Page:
Landowners Association of New Brunswick

[ 0 ] January 12, 2015 |

bay of fundy - attrib: creative commons wikiby Shirley Dolan

On September 15th, a group of about 100 people attended an historic meeting in Sussex, New Brunswick. This was the inaugural meeting of the New Brunswick Landowners Association. On hand to assist the group to get started were MPP Jack MacLaren, his wife Janet, and Elizabeth (Liz) Marshall, Director of Research for the OLA.

The meeting was organized by Joan Seely and LeRoy Armstrong. There is a growing dissatisfaction with traditional political parties in New Brunswick. Joan is a retired teacher and former Vice President of the Progressive Conservative Riding of Saint John Fundy. She lives on land that has been owned by her family for over five generations. LeRoy Armstrong is a former Liberal member of the New Brunswick legislature who believes the province needs a change from the former Liberal and Conservative governments. Both Seely and Armstrong ran as candidates for the People’s Alliance in New Brunswick’s September 22 election. As in Ontario, the Liberal Party was successful in winning a majority so we can expect to see the same type of ‘green’ policies and regulations being strengthened and introduced in New Brunswick.

Early this year, a request was received from Joan Seely for information on how to push back on the types of regulations and bylaws that the OLA has been struggling against for many years. Information was provided and a decision was made to travel to New Brunswick to share first-hand how Ontario Landowners deal with property rights issues.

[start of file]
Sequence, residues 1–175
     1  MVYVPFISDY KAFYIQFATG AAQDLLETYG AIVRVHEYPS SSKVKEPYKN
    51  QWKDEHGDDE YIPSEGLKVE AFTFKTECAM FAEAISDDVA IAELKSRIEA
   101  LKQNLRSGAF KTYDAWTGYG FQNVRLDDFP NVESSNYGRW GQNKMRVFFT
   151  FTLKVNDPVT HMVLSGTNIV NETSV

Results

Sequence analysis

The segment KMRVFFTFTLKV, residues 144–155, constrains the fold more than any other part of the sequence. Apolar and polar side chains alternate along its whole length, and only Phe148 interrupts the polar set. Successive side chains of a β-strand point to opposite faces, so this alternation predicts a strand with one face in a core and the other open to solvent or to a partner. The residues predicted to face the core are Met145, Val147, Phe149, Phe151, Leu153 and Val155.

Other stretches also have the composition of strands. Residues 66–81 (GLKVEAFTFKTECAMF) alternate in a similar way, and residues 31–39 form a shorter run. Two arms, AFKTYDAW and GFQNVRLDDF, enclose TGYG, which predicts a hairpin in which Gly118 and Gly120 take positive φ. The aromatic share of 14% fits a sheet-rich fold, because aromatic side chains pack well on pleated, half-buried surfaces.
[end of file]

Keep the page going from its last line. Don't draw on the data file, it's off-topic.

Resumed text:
Jack MacLaren spoke about the history of the Ontario Landowners, about Agenda 21, the Municipal Property Assessment Corporation, and global warming. Liz Marshall emphasized that property rights are embedded in our constitution and are supported by British common law and legislation dating back a far as the Magna Charta.

Following the meeting, Jack, Janet, and Liz were treated to a tour of the Bay of Fundy by Joan Seely. The tour included a visit to Craig Morrison’s home. Morrison, you may recall, is the gentleman that went to war over his right to build a house without interference from building inspectors. Both Morrison and his wife Irene have passed on and the house is empty. It stands as a tribute to a man who even in his nineties stood up for his rights and won.

The following day, LeRoy Armstrong took over the job of tour guide travelling the rural roads. Armstrong, described as a walking history book, painted a fascinating picture of the changing landscape of rural New Brunswick.

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